Television shows are made very deliberately, there is never a wasted moment or a shot that isn't supposed to be in the final edit. However, it would be easy to think that Danny's suicide in House of Cards was some kind of editing mistake. Out of nowhere, viewers saw the suicide of a teenager who the audience has never met before, and it's this teenager's liver that is used to save the dying president. The showrunners could've had a liver from any other person save the president, but instead they decided to show the suicide of a young boy — Why? Well, Danny's suicide plays into the gun control debate both on the show and in real life.
In the seventh episode of Season 4, Claire Underwood is seen giving a press conference and showing three different guns that killed three different people, the last of them being deceased Secret Service member Edward Meechum. Not mentioned among them, was the young boy who we saw kill himself just an episode prior. Claire makes it her mission as First Lady to begin pushing legislation preventing the illegal purchase of firearms, however, Danny's suicide was performed with a legally obtained gun from his own house, making his scene stand out even more from the uniformity of Claire's message.
Danny's suicide is a seemingly out-of-place device that actually carries a great deal of weight to it. One could simply view it as a random tragedy. But, it's not random at all. According to a 2013 Center for Disease Control and Prevention study, 17 percent of high school students "seriously considered attempting suicide in the previous 12 months," and "males take their own lives at nearly four times the rate of females and represent 77.9 percent of all suicides." With statistics like those playing out in real life, Danny suicide is in HoC wouldn't have been that uncommon, but could have sparked an important debate on mental health, particularly in youth. However, on the show, there wasn't a mental health lobby pouring money into politics. It was much easier for Claire to go after the illegally-purchased guns used to kill other people, than focus on the boy who saved her husband by taking his own life.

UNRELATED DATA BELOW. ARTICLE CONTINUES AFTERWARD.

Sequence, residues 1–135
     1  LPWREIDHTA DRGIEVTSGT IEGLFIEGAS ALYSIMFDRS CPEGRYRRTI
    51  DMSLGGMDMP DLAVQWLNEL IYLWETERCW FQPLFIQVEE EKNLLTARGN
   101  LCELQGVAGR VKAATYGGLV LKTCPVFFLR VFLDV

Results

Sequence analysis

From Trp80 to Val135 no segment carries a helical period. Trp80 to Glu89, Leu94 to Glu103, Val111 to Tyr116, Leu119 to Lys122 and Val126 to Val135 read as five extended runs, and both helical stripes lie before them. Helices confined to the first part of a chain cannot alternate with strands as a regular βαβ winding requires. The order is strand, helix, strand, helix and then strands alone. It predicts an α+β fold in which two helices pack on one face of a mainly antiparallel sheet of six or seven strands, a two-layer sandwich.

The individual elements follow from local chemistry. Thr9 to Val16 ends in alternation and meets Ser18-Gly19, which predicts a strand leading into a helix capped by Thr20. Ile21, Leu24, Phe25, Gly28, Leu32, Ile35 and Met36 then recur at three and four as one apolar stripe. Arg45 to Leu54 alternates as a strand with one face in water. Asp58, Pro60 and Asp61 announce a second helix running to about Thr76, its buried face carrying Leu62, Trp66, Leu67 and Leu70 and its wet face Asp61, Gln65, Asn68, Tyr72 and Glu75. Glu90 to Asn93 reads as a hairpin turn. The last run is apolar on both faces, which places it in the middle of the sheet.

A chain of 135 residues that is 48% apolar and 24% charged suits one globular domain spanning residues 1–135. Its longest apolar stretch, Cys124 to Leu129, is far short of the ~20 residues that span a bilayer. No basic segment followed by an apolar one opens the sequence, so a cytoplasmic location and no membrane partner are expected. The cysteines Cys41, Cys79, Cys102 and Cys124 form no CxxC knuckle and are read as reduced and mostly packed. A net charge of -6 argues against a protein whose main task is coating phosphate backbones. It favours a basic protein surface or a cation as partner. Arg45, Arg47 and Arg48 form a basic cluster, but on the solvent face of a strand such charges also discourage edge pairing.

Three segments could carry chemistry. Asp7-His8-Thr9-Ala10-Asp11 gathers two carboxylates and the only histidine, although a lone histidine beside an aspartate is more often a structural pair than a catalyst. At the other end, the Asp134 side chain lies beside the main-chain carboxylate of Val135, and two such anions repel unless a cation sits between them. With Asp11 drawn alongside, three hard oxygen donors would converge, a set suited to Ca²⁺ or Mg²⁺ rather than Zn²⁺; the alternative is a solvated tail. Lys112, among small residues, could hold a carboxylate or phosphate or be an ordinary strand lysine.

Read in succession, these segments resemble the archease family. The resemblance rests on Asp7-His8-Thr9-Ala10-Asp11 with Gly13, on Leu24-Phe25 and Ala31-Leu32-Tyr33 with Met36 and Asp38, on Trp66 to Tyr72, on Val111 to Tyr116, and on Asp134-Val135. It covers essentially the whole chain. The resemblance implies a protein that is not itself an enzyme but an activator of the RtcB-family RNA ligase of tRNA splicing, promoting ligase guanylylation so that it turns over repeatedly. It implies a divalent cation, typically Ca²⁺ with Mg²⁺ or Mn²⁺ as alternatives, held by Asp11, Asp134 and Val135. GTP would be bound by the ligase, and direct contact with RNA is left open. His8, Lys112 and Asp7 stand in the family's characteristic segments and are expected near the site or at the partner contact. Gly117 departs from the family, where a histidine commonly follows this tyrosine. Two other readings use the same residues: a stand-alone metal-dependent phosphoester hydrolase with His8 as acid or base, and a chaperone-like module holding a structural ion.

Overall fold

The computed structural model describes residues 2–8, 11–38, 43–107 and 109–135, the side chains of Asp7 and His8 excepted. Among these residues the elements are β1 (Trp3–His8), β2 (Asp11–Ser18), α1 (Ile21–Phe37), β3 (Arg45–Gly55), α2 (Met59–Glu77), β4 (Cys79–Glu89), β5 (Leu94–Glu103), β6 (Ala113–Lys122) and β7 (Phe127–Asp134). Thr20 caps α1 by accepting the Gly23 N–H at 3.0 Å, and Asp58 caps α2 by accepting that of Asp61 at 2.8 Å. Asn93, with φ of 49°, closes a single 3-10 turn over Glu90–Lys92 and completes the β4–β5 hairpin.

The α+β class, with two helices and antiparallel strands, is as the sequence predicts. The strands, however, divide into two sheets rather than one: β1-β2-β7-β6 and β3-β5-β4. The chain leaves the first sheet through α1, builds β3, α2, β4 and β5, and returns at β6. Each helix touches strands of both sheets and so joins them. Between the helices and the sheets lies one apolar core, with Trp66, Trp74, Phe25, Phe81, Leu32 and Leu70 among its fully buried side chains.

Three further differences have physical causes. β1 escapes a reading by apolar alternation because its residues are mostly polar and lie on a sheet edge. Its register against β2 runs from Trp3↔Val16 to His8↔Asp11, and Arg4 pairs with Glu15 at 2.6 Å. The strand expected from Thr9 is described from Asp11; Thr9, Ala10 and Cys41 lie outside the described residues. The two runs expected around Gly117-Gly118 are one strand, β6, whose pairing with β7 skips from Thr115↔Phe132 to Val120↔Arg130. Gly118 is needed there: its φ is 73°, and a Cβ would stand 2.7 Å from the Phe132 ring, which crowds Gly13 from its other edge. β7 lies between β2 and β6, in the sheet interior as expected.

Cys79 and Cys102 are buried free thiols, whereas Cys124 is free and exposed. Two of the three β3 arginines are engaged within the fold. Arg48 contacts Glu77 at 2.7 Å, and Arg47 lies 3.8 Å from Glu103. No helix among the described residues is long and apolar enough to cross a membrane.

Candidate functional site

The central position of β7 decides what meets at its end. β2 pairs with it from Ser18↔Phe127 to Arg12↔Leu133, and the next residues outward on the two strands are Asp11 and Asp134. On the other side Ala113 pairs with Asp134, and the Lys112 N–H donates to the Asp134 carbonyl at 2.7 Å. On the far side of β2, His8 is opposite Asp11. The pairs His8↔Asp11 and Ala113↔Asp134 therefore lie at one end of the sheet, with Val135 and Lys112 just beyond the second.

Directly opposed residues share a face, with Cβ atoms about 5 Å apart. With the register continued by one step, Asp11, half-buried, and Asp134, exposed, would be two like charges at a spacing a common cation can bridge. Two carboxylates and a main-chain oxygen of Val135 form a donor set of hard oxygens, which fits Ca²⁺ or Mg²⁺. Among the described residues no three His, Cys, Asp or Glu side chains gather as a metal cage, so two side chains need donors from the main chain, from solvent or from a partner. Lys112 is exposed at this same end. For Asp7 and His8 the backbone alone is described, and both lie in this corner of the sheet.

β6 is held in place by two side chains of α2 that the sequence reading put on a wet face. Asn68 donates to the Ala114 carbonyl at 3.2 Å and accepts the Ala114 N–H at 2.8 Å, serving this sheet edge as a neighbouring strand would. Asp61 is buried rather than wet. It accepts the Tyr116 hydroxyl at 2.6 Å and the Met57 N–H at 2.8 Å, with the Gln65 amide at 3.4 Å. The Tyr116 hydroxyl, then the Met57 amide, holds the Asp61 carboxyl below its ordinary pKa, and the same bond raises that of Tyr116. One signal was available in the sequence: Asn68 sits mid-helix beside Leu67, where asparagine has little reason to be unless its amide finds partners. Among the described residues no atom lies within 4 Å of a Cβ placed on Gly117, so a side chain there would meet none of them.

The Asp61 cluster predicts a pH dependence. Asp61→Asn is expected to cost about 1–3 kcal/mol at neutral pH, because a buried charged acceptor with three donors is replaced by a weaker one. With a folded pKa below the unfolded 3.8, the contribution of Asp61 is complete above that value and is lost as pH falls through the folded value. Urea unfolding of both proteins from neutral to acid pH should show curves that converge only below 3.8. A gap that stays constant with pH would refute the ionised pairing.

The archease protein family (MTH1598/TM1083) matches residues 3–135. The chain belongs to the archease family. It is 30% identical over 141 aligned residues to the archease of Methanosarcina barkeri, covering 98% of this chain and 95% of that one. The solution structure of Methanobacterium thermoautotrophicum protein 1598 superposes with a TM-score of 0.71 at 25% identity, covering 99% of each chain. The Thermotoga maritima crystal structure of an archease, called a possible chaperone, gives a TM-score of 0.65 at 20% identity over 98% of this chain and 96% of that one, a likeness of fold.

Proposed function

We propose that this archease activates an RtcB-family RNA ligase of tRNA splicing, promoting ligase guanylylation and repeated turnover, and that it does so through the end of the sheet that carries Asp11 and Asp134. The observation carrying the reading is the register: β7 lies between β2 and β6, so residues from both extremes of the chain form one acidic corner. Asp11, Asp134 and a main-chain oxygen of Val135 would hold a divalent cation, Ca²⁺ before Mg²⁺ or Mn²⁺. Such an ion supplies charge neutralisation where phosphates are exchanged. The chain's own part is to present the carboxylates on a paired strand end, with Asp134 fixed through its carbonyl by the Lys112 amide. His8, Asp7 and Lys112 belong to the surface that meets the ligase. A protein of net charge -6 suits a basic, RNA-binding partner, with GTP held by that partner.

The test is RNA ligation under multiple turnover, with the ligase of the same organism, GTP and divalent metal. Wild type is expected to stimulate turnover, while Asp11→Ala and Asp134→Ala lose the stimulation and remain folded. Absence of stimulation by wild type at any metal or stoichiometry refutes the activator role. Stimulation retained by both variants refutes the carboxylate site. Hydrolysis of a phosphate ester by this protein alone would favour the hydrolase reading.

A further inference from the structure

It's unclear what Danny's reasoning for suicide was, or if Danny had any message for the world — he didn't seem to have any clue that his liver would end up in the president. But, now, the president operates with part of him literally comprised of something from a dead teenage boy. Yet another possible metaphor for all the parts of himself — his power, his success — that he's gained from bodies buried and lives ruined.
Danny's role in the gun control debate, although not explicitly stated apart from a quick conversation by pundits, is an important one — the fact that children are killing themselves with firearms, legal or not, is a huge issue. By House of Cards showing us the awful act that Danny commits — the bloody image of his death committed to the memory of the viewer — instead of merely having a liver show up out of nowhere reminds the viewers, on a visceral level, the price of Frank's presidency, while also forcing us to confront the issue of teen suicide in our own, very real, world.
Image: David Giesbrecht/Netflix